You know it is important to plan for your future: college for the kids, retirement, and security for your family should anything happen to you. We hear all the time that the whole things seems so overwhelming – and often, people just put it off because it just seems so daunting. But once you’ve decided to make the call, who exactly are you supposed to speak with? Is a financial planner the right person? Or an estate planner?
The answer: BOTH! But don’t worry – having to engage both professionals doesn’t make the process more daunting. It can actually ensure the whole thing is smoother, more effective, and less scary.
Your financial planner will help you identify your long-term financial goals, and put a plan in place to help you achieve them. This process includes analyzing your current net worth, your plans (college, retirement), and a risk profile, which is an evaluation of your willingness to take financial risks and the conditions that can affect that. For example, as you get closer to retirement, you may want to take fewer risks with your investments.
Your financial planner’s job is to educate and empower you when it comes to your finances. And they should actively engage with you over the long term. They should be monitoring your investments and assets, and helping you make decisions based on your circumstances and market conditions.
Because your financial planner is intimately involved in your plans, goals and tolerance for risk, they can be a critical part of your estate planning team. But, they are not experts. That’s why you need both professionals. Often, your financial planner may have an estate planning firm that they work with closely.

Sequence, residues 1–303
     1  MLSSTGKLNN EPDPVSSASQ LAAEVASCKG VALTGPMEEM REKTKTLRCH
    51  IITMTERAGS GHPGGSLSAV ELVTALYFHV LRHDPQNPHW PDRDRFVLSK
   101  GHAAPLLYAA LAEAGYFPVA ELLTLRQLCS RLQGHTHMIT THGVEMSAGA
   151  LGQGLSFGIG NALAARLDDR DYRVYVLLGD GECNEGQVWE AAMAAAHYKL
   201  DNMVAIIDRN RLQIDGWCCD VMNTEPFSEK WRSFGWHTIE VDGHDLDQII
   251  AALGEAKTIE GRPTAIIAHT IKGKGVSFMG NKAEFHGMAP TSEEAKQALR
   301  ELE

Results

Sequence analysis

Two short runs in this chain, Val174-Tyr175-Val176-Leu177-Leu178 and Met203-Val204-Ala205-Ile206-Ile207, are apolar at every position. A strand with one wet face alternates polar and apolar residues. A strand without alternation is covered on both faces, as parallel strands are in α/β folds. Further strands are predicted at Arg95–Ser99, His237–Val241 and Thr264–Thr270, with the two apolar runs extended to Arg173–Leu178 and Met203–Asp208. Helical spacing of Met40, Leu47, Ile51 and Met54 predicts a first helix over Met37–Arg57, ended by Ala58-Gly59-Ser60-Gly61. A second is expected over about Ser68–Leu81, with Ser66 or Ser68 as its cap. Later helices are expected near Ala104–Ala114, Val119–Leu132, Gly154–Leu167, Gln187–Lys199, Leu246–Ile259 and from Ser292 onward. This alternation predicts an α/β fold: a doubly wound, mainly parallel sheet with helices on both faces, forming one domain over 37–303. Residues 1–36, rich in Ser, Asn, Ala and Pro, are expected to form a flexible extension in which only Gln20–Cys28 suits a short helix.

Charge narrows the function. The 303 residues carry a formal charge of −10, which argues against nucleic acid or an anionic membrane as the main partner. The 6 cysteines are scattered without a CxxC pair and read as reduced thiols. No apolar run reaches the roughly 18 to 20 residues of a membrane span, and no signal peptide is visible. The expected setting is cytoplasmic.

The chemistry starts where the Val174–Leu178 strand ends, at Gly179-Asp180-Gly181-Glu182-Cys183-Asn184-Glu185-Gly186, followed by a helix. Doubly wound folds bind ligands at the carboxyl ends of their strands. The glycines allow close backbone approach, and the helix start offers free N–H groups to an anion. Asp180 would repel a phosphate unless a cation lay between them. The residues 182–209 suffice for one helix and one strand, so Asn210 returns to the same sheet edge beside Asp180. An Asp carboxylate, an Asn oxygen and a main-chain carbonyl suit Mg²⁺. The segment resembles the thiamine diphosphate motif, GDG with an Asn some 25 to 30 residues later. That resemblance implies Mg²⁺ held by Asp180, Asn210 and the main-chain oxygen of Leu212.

Estate planners are attorneys who understand the laws and policies in this area. If your financial planner’s role is to help you accumulate wealth, your estate planner’s role is to help you maintain control over it and plan for its distribution upon death.
This includes both the development of wills and trusts to distribute your assets after you’ve died; and also includes planning for possible incapacity during your lifetime. A sudden accident, dementia, or another medical condition could mean you’re unable to manage your personal, financial or medical decisions yourself. A complete estate plan goes beyond wills and trusts to include medical and financial powers of attorney, and contemplates MassHealth rules to ensure you are covered if you need long-term care.
Much like a financial planner, your estate planning attorney will help you evaluate your goals and develop a plan designed to provide security for you and your family, minimize taxes, and avoid probate. You’ll also want to work with your estate planning team to think about MassHealth/Medicaid planning and asset protection in the event you may need in-home, assisted living, or nursing home-level care in the future.
Because the law, your assets, and your family circumstances can all change and evolve over your lifetime, estate planning, like financial planning, is a continuous process. You can’t just do it and be done. You should review your estate plan with your attorney regularly, and update it as necessary.
While your financial planner and estate planning attorney have different roles, their work complements one another. To be effective, you should keep your financial planner apprised of your estate plan and vice versa. In fact, a perfect scenario is one in which both professionals partner together to plan holistically, and in tandem. Many of our clients choose to approach their estate plan this way, and we partner with many reputable and effective financial planners in Massachusetts.
To learn more about our offerings, and talk about the ways we partner with financial planners, please contact our office at 508-532-8639 today.
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209 West Central Street
Natick, MA 01760
Ladimer Law specializes in estate planning. We protect our clients, their heirs, and their assets by listening closely, knowing the law, and executing estate plans that fit and evolve.